BP360 is Back! One low price for a: BP subscription, 2022 Annual, 2022 Futures Guide, choice of shirt

In America’s pastime, as in its politics, democracy is a wonderful but fragile thing.  Ten years after Major League Baseball first gave its fans the option to vote for the starting lineups in the All-Star Game, Commissioner Ford Frick took it away again after 1957, when Cincinnati fans stuffed the ballot boxes to elect all but one Reds' starter. This was not even a spontaneous upsurge of local pride: through the late spring, the Cincinnati Enquirer had printed ballots to distribute them easily to fans, and local bars even required customers to fill out ballots before they would be served.  Not until 1970 were the fans put back in charge of picking the starters, but it’s been in their hands ever since—even surviving another sabotage attempt when Massachusetts hacker Chris Nandor was able to create a program that voted for Nomar Garciaparra nearly 40,000 times to edge out Derek Jeter

But while the fans have held the All-Star franchise for 40 years, the ways in which they experience and understand the game have undergone revolutionary change over that time—with consequences that show up in their All-Star choices.  In 1979, what the average fan knew about players on other teams was limited to seeing who was on the relatively few nationally broadcast games, a handful of games each year against the hometown club, and box scores and leader boards in the local newspaper or weekly in The Sporting News.  By 1994, that fan probably had cable TV, which showed a few games a week and hours of sports news offering highlights and recaps of every game.  Fast-forward to the present, and the same fan—or his/her children or grandchildren—almost certainly is on the Internet.  I don’t need to tell you the effect that the Internet had on the game—you wouldn’t be reading this article right now without it. This informational tool has provided fans with a vast array of information and entertainment, whenever they want it—from archived footage of every game, to current and historical statistics cut in an endless number of ways.  Among other things, the Internet has allowed fans to vote for players with statistics right in front of them, follow teams far from their current location, and exposed them to different strains of thinking about how to evaluate players and teams in general.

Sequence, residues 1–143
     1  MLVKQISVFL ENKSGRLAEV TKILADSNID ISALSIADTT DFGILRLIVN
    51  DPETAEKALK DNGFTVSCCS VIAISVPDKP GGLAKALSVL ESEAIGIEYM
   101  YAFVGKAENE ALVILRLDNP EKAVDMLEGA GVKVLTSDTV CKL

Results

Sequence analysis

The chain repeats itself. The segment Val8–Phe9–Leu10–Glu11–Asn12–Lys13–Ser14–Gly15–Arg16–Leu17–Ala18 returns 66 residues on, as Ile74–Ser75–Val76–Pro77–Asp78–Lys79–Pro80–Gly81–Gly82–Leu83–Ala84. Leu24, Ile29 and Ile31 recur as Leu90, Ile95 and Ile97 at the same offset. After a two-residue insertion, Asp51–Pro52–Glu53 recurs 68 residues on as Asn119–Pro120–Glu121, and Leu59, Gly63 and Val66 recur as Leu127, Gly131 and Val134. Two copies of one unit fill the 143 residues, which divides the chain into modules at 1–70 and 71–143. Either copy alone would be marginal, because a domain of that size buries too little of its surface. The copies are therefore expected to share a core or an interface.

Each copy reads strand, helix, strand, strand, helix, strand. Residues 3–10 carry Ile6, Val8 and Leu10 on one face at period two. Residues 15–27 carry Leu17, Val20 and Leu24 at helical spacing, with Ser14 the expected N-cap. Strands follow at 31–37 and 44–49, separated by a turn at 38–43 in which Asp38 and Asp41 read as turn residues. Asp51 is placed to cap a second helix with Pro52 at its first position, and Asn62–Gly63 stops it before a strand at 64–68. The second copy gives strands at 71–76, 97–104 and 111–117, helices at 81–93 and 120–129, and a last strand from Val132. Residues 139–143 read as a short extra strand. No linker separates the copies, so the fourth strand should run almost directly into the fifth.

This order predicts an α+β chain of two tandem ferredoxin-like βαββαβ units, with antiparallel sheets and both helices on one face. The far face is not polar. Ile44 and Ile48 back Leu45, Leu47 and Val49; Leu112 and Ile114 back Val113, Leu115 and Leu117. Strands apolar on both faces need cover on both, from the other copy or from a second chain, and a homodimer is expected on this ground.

I decided to parse the last 40 years of fan voting into three eras: the Early Era, the Cable Era, and the Internet Era.  Since ESPN began broadcasting in late 1979, I classified the period between 1970-79 as the Early Era, and designated 1980 as the dawn of the Cable Era.  Since fans were first allowed to cast All-Star ballots online in 1996, I considered that year the beginning of the Internet Era.  (This is a rough designation, as any changes in fan voting patterns should be observable from the start dates but not in full effect until some years later: cable TV wasn’t nearly as widespread in 1980 as it would be by 1995, nor was online access in 1996—not to mention connection speed—anything like what it is today.)  A look at the starting lineups for every All-Star game revealed several large shifts in voting tendencies that took place during these eras.


With less information in the earlier years of All-Star voting, we might expect that fans would simply elect the players with whom they were already familiar.  Especially before the Internet Era, that is exactly what happened: carryover All-Star voting from one year to the next was stronger the farther back we look.  In the Early Era, 51 percent of All-Star starters had also started the previous year; the figure dipped a bit through the Cable Era, with an average repeat starter rate of 47 percent.  By the Internet Era, only 39 percent of All-Star starters earned starts again a year later, which is a statistically significant drop.  The drop off in persistence suggests that fans were learning about new players having good years and voting them in rather than simply poking the hole next to the name of the player who they voted for the year before.  If a player underperforms what he did the year before, it is easier for fans to see their statistics and change their vote accordingly. 

The Internet also enabled fans to learn about good players sooner.  Through the Early Era, only 6 percent of All-Star starters selected had made their major league debut within the previous three years.  During the Internet Era, the figure more than doubled to 13 percent, a statistically significant difference.